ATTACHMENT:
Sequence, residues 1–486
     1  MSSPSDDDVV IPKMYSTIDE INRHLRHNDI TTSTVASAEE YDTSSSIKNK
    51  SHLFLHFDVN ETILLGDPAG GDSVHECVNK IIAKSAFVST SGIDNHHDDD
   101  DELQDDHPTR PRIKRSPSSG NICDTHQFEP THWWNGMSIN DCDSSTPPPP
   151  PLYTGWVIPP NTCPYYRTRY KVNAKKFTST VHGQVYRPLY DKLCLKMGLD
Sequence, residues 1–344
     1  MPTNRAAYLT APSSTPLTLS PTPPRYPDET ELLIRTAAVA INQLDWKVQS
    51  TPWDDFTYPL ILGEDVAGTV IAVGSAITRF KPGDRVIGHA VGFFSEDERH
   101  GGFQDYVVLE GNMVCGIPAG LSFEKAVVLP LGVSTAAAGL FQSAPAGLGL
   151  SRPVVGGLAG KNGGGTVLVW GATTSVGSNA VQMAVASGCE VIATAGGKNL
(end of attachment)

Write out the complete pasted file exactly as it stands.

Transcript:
Sequence, residues 1–486
     1  MSSPSDDDVV IPKMYSTIDE INRHLRHNDI TTSTVASAEE YDTSSSIKNK
    51  SHLFLHFDVN ETILLGDPAG GDSVHECVNK IIAKSAFVST SGIDNHHDDD
   101  DELQDDHPTR PRIKRSPSSG NICDTHQFEP THWWNGMSIN DCDSSTPPPP
   151  PLYTGWVIPP NTCPYYRTRY KVNAKKFTST VHGQVYRPLY DKLCLKMGLD
Sequence, residues 1–344
     1  MPTNRAAYLT APSSTPLTLS PTPPRYPDET ELLIRTAAVA INQLDWKVQS
    51  TPWDDFTYPL ILGEDVAGTV IAVGSAITRF KPGDRVIGHA VGFFSEDERH
   101  GGFQDYVVLE GNMVCGIPAG LSFEKAVVLP LGVSTAAAGL FQSAPAGLGL
   151  SRPVVGGLAG KNGGGTVLVW GATTSVGSNA VQMAVASGCE VIATAGGKNL